The Church hierarchy is in a difficult position. If the top clergy recognizes the authenticity of the remains, they may face an organized opposition or even schism. Especially since, as I have said, the Patriarch does not enjoy unconditional authority. In these circles, the Patriarch is seen as a politician, not as a spiritual authority.
“If the top clergy recognizes the authenticity of the remains, they may face an organized opposition or even schism.”
These people are not convinced by scientific arguments. To them, piety is of much more importance. If a pious person says that scientific arguments regarding the Tsar’s remains are meaningless, then that’s how it is. Besides, it is always possible to find a pious expert. And even if twenty experts tell them that their opinion is wrong, they will find a twenty-first. And if they fail to find a twenty-first, they will become their own authority. And since this is the case, the Church is concerned that it may lead to a serious conflict.
Among those believers whose lives revolve around the church, the proportion who share this intractable attitude is significant. If the Church rejects them, who will be left? Of course, there will still be believers, many of them. But the number of Church activists will significantly decrease. They may distance themselves. Or they may feel offended. And the Church is unwilling to offend this constituency by demonstrating that their opinion is not very important to the Church hierarchy.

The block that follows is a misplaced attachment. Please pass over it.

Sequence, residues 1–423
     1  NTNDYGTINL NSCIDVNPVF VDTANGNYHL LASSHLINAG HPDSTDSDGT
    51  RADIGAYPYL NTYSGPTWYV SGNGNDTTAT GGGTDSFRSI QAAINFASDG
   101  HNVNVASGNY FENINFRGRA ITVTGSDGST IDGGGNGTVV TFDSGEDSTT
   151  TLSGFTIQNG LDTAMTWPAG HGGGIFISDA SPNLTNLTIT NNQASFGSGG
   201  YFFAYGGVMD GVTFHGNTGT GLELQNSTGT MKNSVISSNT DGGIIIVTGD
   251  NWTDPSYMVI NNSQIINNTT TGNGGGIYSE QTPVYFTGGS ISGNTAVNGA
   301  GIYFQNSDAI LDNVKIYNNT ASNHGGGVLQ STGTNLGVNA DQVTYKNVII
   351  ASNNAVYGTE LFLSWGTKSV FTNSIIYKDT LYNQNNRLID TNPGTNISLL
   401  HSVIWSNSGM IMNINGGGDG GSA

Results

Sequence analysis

Here is a noteworthy episode. Prior to the 2017 Bishops’ Council, a conference on the Tsar’s remains or relics was organized. Tikhon Shevkunov, then an Archimandrite and now a Metropolitan, suddenly raised the issue of “ritual murder.” This was unexpected, but, in fact, was highly meaningful.